Coaches at all levels love to preach about finishing, finishing a tackle, a play, a game, a season. It’s a noble concept, motivating players not to quit, but sometimes only focusing on the finish blurs the journey.
Every step taken to arrive at the finish line is just as important as the finish itself, and the Colorado Buffaloes need to remember that as they lace up their cheats for tonight’s Pac-12 Championship Game.
What happened in Boulder this year is the most remarkable sports story in Colorado since the 2007 run to the World Series. Sure, between then and now this town has watched the Broncos play in two Super Bowls, but they had a mountain of expectations. The Broncos were so talented it would have been a bigger story if they hadn’t performed so well. CU went from being the proverbial whipping boy in the Pac-12 to conference championship game in one season.
There’s been a lot of hyperbole surrounding the Buffs this season with good cause. They stormed through the South in a way reserved for the Stanfords and USCs of the world. And they did it out of nowhere. Had Mike MacIntyre led the Buffs to a third or fourth place finish in the South, everyone would have called it a successful season; it would have looked as though CU was finally making legitimate inroads to competing in a conference they never had before. Fans, boosters and media members alike would have seen the light at the end of the tunnel. What happened instead was somewhat baffling.
It all started at The Big House when Colorado proved they deserved to be on the field with the country’s best teams. They hung with Michigan until their starting quarterback left the game. They followed that up by getting the program-defining win they’d lacked since joining the Pac-12: beating Oregon in Eugene. The next week MacIntyre’s team dismantled Oregon State, doubling their total number of Pac-12 wins over the last four years.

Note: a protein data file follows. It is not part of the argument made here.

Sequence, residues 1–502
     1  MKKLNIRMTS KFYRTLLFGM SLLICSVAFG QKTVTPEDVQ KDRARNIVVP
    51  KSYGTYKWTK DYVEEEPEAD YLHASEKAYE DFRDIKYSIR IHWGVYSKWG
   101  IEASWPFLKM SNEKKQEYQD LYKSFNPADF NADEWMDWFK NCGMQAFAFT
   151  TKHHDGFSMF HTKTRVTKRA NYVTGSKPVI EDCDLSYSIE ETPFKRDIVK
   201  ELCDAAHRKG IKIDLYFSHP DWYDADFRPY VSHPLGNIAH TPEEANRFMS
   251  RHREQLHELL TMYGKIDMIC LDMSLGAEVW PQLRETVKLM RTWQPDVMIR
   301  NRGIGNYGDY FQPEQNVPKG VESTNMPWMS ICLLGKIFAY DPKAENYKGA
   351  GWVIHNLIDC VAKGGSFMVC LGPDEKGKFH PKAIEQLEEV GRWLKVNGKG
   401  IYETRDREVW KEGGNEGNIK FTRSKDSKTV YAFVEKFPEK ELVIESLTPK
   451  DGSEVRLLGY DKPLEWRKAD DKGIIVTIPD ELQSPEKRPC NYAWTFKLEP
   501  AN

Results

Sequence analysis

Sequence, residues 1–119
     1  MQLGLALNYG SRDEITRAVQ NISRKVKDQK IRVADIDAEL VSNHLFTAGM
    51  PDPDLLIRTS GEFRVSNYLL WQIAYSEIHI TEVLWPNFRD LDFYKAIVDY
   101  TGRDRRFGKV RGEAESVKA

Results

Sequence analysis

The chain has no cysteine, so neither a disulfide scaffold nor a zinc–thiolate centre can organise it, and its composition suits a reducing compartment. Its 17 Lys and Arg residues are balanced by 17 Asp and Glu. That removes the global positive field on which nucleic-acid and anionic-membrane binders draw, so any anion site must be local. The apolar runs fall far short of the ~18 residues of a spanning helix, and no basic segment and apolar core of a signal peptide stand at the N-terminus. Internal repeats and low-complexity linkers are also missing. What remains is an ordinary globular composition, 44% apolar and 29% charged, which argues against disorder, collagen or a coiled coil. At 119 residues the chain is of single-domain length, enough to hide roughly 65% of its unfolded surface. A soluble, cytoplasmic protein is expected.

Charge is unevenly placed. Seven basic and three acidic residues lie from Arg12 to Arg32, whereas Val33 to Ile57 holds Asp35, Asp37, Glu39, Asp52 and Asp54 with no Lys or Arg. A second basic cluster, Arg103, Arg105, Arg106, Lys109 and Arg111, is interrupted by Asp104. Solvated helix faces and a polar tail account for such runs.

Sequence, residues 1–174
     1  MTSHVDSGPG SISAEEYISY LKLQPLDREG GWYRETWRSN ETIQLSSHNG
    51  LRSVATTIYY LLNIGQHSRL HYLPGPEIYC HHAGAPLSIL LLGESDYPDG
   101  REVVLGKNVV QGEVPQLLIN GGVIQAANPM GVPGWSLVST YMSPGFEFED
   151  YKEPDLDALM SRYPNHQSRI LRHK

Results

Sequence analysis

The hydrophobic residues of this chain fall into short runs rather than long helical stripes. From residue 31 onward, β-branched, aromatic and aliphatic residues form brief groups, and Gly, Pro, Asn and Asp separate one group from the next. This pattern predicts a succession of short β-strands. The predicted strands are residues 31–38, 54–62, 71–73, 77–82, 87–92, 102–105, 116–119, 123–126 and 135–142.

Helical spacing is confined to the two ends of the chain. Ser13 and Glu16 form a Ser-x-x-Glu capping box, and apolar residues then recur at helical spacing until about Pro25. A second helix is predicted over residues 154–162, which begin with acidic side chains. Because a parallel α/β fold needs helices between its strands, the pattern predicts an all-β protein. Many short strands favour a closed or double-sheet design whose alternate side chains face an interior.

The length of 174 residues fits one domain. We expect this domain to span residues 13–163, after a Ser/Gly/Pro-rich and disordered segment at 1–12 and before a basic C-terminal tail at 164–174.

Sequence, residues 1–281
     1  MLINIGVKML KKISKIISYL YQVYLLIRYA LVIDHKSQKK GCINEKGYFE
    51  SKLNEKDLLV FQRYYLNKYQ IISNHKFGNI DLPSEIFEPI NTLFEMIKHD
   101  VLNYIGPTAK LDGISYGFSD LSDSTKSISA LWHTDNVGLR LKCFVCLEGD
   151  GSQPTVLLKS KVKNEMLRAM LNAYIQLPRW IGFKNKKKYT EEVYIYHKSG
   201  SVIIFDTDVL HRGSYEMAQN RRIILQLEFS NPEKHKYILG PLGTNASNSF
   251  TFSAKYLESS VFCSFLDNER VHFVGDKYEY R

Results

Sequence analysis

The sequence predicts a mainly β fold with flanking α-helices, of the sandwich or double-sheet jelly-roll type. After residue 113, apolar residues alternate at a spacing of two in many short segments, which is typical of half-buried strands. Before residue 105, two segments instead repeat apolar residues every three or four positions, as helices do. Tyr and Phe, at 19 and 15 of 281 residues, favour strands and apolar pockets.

This season the Buffs pulled out wins at Stanford and at Arizona. They beat two top 25 teams the final two weeks of the season, and they won 10 games for the first time since 2001. Colorado became bowl eligible for the first time since 2007. And they did all of that when no one expected them too.
That’s what makes this story (and season) so great. The best sports stories are always the ones you don’t see coming. The Miracle on Ice. Buster Douglas knocking out Mike Tyson. NC State winning the 1983 National Championship.
No one, even the most diehard CU fan, saw this coming. What the Buffs have accomplished this year represents something really special, no matter what happens tonight.
This doesn’t mean there isn’t business to take care of against Washington. CU would much rather have their story parallel the ‘83 Wolfpack than the 2010 Butler Bulldogs — a team that lost their biggest game of the year. Given where the Buffs started, beating the Huskies in the Pac-12 Championship Game might represent the biggest win in this program’s history. There’s no way to understate that.
Expectations undoubtedly change over the course of a season, and it’s clear now that people expect a win in Santa Clara. But CU fans shouldn’t let the result of tonight’s game ruin the journey. This program will almost certainly finish the season in the Top 10, something that hasn’t happened since 2001. They have a very good chance to play in one of the most iconic bowl games in the country, the Rose Bowl, and the program has finally proven they are on a path to compete on a yearly basis.
Finishing strong is a huge emphasis in sports and no one likes moral victories. With that, falling to Washington after all of the hard fought wins would be a huge disappointment, but it shouldn’t put a dark cloud over the season. No matter what happens tonight CU fans need to make sure they don’t lose sight of the forest through the trees.